Innovation creation and diffusion in the Australian economy

Kenneth J. Preiss, Keri Spooner

Research output: Contribution to journalArticlepeer-review

5 Scopus citations


Innovation creation and diffusion through entrepreneurial ventures are important drivers of national economies. Despite this, the innovation creation and commercialisation process at the individual or small enterprise level within Australia is often inhibited by taxation and non-competitive legislative constraints. On the other hand, the corporate entity is often in a powerful position to reap the benefits from the efforts of the individual. This position of power has been entrenched by government legislation concerning employment and taxation. Tax breaks are available to corporate entities that are not available, on a pro-rata basis, to the individual. In addition, federal legislation provides tax breaks to corporations for innovation creation inputs, such as research and development (R&D) expenditure, yet it would seem more effective to offer tax breaks on the generation of revenues which are the outputs of the innovation creation and commercialisation process. An innovation creation and commercialisation model is proposed that takes into account the intra-organisational, as well as external, factors that support or impede the overall innovation process.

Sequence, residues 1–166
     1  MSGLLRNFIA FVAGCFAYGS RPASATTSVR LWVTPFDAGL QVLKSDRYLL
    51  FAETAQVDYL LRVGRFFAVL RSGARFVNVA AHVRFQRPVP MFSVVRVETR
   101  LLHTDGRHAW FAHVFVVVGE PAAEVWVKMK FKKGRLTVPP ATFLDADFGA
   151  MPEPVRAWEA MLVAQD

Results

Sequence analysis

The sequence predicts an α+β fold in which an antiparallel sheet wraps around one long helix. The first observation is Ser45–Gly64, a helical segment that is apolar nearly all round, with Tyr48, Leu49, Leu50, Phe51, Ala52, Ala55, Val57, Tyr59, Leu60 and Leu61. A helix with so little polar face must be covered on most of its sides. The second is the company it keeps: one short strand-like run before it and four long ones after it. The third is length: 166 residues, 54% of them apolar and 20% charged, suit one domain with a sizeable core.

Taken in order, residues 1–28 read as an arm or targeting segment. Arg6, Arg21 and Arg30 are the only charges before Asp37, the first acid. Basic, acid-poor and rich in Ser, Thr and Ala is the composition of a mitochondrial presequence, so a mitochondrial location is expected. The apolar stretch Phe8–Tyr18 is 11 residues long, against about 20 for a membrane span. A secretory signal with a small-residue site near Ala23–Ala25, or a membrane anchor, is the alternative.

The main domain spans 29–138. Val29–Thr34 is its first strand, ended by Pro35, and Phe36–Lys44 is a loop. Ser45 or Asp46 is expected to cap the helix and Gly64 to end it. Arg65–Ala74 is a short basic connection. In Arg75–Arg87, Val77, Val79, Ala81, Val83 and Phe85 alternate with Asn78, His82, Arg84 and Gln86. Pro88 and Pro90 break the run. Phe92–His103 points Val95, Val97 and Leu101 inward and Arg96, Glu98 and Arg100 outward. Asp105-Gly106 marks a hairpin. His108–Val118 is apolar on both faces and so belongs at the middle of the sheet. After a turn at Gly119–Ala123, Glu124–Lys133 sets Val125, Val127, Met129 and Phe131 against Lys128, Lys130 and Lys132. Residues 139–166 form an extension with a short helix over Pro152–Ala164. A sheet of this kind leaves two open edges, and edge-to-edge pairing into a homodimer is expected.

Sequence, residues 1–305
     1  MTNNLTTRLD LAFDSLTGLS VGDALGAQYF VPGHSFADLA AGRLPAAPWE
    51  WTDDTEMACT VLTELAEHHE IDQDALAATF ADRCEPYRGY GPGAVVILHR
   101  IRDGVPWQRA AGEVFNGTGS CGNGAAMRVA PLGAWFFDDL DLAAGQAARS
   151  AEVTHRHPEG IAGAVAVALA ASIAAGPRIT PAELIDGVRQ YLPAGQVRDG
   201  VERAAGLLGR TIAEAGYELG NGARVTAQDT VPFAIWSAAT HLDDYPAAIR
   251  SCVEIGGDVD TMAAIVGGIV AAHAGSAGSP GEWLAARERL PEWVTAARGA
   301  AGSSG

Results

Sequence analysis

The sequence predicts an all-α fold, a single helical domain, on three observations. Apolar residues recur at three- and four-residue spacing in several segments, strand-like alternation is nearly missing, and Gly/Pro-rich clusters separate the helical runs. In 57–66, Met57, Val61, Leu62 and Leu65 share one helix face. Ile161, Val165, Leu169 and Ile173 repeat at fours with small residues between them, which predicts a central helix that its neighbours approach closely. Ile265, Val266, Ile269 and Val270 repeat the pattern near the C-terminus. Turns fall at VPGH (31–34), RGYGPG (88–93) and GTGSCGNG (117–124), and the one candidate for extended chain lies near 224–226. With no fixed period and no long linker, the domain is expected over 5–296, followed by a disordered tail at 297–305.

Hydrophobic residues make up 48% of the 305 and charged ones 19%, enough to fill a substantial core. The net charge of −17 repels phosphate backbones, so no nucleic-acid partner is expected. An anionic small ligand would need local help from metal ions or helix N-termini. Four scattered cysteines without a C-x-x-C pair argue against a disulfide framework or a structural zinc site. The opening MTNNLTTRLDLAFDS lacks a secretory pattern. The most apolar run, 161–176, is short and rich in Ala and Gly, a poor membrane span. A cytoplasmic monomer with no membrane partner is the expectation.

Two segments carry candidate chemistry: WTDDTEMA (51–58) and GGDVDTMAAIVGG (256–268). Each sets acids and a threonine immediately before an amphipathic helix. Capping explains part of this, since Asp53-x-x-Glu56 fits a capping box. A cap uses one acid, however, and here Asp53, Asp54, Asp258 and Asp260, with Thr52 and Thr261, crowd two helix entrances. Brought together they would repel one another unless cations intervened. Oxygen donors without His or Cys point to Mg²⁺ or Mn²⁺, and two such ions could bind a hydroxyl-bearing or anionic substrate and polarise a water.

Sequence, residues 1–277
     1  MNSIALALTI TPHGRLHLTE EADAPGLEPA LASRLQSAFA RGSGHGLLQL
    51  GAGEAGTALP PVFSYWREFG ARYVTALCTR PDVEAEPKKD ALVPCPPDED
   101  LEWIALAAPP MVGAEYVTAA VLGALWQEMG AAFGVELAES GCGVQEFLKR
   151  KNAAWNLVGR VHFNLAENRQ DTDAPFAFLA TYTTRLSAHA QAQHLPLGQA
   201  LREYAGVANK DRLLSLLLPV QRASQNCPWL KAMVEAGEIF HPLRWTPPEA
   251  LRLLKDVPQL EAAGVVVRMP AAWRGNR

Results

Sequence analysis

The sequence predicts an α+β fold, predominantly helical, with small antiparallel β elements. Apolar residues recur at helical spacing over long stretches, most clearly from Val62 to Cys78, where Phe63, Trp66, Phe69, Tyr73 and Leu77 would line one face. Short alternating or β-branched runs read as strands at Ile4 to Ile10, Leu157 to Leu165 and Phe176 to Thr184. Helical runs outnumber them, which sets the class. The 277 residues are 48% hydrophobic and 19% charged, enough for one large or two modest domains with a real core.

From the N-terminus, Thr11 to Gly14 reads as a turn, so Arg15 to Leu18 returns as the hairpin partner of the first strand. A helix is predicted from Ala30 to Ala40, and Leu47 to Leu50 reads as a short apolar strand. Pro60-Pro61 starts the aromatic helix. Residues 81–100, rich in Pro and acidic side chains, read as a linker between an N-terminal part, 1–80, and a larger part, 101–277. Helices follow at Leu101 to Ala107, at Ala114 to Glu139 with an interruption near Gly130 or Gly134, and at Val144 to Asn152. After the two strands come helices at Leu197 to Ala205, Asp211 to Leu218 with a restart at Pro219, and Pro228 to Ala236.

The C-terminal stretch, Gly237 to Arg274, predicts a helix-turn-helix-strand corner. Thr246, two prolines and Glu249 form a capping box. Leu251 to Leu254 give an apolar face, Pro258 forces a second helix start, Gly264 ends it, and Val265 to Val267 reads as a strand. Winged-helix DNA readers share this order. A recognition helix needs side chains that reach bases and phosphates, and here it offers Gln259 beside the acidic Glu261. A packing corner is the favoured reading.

Original languageEnglish
Pages (from-to)197-210
Number of pages14
JournalInternational Journal of Entrepreneurship and Innovation Management
Issue number3
StatePublished - 1 Jan 2003
Externally publishedYes


  • Innovation
  • entrepreneurship
  • intrapreneurship
  • small businesses
  • taxation and legislative impediments

ASJC Scopus subject areas

  • Business and International Management
  • Economics and Econometrics
  • Strategy and Management
  • Management of Technology and Innovation


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